The fact that hypnosis subjects are suddenly able to speak in a foreign language is one of the oddest and most compelling pieces of evidence about past lives. Other positive benefits such as the relief of long term illnesses, nightmares or phobias have been felt when the harm supposedly caused by past life injuries or experiences was addressed.
Opponents to hypnosis believe it is perilous and that beneficial results are unproven. They believe that symptoms people put down to past existences are more likely to be caused by inherited or suppressed memories. Hypnosis might even be making the problem worse by creating a multitude of personalities in a subject, rather than pinpointing true past life experiences.
The experience of a Colorado housewife who regressed into a supposed past life as Bridey Murphy of nineteenth-century Ireland was documented in a book. But the account was swiftly debunked when it was proved that no woman of that name was born in the year she had claimed. Nor was her death on record anywhere. Her command of the old Irish language and lifestyle was later deemed to have been learned through a close relationship with an Irish woman in her early years.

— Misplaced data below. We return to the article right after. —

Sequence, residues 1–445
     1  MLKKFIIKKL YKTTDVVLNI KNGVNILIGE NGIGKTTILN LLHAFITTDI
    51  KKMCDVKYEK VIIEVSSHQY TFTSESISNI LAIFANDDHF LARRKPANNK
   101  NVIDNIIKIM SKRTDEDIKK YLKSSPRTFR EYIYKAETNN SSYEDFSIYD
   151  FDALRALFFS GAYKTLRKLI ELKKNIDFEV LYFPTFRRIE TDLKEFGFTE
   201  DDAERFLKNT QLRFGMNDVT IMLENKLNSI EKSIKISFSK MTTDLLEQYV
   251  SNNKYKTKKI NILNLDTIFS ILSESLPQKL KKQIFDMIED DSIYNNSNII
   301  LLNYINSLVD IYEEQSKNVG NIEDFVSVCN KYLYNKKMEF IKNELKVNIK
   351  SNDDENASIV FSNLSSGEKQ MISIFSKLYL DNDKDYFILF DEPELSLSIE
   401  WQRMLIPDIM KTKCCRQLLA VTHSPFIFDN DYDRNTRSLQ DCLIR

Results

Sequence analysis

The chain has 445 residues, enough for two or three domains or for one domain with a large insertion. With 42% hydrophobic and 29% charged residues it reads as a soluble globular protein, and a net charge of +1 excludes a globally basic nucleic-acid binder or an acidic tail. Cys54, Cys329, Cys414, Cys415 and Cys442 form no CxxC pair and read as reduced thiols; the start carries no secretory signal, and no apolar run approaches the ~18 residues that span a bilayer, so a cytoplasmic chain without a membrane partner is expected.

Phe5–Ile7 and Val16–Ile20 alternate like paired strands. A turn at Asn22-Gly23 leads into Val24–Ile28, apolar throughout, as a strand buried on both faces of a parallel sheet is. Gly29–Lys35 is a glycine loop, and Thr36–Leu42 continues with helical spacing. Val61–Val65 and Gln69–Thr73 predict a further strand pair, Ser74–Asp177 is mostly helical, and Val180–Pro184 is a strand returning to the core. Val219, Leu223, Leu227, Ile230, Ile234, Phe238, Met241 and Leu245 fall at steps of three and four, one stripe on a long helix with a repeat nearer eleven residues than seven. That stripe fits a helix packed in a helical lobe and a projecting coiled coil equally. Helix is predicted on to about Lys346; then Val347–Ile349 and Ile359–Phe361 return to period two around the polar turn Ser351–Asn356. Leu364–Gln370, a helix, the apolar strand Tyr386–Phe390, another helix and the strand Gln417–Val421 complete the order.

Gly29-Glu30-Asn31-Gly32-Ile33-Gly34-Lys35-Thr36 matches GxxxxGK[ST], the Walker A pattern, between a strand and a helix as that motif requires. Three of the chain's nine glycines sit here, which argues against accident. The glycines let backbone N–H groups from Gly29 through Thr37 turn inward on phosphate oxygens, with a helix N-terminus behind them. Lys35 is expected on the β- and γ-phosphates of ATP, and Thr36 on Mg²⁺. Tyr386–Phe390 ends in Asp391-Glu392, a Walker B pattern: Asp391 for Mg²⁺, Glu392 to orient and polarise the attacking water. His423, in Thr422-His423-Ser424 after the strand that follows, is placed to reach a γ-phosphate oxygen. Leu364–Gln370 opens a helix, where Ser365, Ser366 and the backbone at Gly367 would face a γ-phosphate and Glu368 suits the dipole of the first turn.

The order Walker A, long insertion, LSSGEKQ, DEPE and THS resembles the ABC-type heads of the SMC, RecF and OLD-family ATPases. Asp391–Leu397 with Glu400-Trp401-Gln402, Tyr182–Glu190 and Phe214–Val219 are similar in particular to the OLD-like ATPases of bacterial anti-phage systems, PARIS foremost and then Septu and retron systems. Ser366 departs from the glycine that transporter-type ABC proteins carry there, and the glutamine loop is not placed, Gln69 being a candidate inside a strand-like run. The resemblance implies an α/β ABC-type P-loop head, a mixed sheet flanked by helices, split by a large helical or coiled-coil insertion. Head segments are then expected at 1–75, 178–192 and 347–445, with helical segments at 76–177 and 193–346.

Still, the stories relating to hypnotherapy remain intriguing. In 1983, psychologist and former sceptic Peter Ramster featured in a documentary with four women who recounted their past life experiences. One woman remembered a life in Somerset, England, in the second half of the eighteenth century. When she was taken to the rural village in question – a place she had never visited before – she was able to find her way around and identify local landmarks, some of which had been long forgotten. Furthermore, it became clear that she had a thorough knowledge of local legends, dialect and families.
This is an extract from the Encyclopedia of the Paranormal by Rupert Matthews.